Publikasjoner

NIBIOs ansatte publiserer flere hundre vitenskapelige artikler og forskningsrapporter hvert år. Her finner du referanser og lenker til publikasjoner og andre forsknings- og formidlingsaktiviteter. Samlingen oppdateres løpende med både nytt og historisk materiale. For mer informasjon om NIBIOs publikasjoner, besøk NIBIOs bibliotek.

2019

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Sammendrag

The Generic Ecological Impact Assessment of Alien Species (GEIAA) is described. It comprises a set of criteria and an assessment procedure. The set of criteria consists of three criteria that quantify invasion potential, and six criteria that capture the ecological effects of alien species. The threshold values for all criteria are numerically defined, rendering the set of criteria fully quantitative. Genericity is ensured by using criteria that are applicable to all taxonomic groups and in all habitats. In being generic, quantitative, ecological and normatively neutral, the criteria were inspired by the international Red List criteria. Capturing both invasion potential and effect, GEIAA can be regarded as a full ecological impact assessment. The assessment procedure contains guidelines on documentation, the collection of background information, the handling of uncertainty, and quality assurance. GEIAA represents the second revision, and thus the third generation, of assessment methodology in Norway. It has recently been used to carry out more than 2500 impact assessments of alien species in Norway and Sweden.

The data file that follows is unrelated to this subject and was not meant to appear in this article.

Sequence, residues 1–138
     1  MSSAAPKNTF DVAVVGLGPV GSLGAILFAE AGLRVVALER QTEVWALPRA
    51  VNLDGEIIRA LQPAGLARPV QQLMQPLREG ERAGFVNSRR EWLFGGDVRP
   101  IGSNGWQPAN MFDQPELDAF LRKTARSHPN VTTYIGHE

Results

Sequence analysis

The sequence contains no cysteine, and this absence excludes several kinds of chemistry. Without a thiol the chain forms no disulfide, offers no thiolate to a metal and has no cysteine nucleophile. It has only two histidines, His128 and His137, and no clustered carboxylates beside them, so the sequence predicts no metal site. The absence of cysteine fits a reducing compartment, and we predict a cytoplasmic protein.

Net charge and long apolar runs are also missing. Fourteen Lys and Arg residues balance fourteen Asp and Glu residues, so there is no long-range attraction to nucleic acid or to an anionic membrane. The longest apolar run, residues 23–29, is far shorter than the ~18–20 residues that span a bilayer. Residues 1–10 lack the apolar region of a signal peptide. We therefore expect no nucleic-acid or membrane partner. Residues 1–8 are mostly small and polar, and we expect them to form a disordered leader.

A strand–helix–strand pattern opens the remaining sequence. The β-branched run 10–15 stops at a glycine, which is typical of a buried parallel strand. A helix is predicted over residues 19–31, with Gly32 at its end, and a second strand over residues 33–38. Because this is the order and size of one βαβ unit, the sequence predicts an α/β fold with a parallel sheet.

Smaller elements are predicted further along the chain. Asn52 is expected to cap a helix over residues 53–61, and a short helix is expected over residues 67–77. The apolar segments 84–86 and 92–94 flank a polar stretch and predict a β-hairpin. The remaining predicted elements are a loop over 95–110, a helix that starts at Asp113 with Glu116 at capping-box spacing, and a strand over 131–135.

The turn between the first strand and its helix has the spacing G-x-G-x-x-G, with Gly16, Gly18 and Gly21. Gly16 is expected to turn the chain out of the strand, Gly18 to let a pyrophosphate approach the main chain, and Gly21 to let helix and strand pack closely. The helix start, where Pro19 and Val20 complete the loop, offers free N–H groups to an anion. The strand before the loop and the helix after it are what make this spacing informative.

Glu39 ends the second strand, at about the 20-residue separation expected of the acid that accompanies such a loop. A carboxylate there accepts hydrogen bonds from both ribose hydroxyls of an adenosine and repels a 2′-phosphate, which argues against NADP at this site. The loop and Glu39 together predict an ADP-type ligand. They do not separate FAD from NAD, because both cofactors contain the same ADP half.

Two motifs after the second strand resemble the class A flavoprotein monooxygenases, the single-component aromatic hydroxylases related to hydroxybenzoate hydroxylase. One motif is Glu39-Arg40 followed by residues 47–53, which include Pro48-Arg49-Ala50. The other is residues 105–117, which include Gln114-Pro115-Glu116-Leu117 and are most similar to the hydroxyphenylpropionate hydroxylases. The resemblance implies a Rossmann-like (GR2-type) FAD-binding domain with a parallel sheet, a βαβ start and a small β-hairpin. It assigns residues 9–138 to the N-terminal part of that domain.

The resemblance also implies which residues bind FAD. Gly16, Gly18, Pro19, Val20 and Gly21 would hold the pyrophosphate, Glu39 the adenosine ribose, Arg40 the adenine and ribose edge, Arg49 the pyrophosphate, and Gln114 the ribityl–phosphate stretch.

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Sammendrag

Soil is one of the most species-rich habitats and plays a crucial role in the functioning of terrestrial ecosystems. It is acknowledged that soils and their biota deliver many ecosystem services. However, up to now, cultural ecosystem services (CES) provided by soil biodiversity remained virtually unknown. Here we present a multilingual and multisubject literature review on cultural benefits provided by belowground biota in European forests. We found 226 papers mentioning impact of soil biota on the cultural aspects of human life. According to the reviewed literature, soil organisms contribute to all CES. Impact on CES, as reflected in literature, was highest for fungi and lowest for microorganisms and mesofauna. Cultural benefits provided by soil biota clearly prevailed in the total of the reviewed references, but there were also negative effects mentioned in six CES. The same organism groups or even individual species may have negative impacts within one CES and at the same time act as an ecosystem service provider for another CES. The CES were found to be supported at several levels of ecosystem service provision: from single species to two or more functional/taxonomical groups and in some cases morphological diversity acted as a surrogate for species diversity. Impact of soil biota on CES may be both direct – by providing the benefits (or dis-benefits) and indirect – through the use of the products or services obtained from these benefits. The CES from soil biota interacted among themselves and with other ES, but more than often, they did not create bundles, because there exist temporal fluctuations in value of CES and a time lag between direct and indirect benefits. Strong regionality was noted for most of CES underpinned by soil biota: the same organism group or species may have strong impact on CES (positive, negative or both) in some regions while no, minor or opposite effects in others. Contrarily to the CES based on landscapes, in the CES provided by soil biota distance between the ecosystem and its CES benefiting area is shorter (CES based on landscapes are used less by local people and more by visitors, meanwhile CES based on species or organism groups are used mainly by local people). Our review revealed the existence of a considerable amount of spatially fragmented and semantically rich information highlighting cultural values provided by forest soil biota in Europe.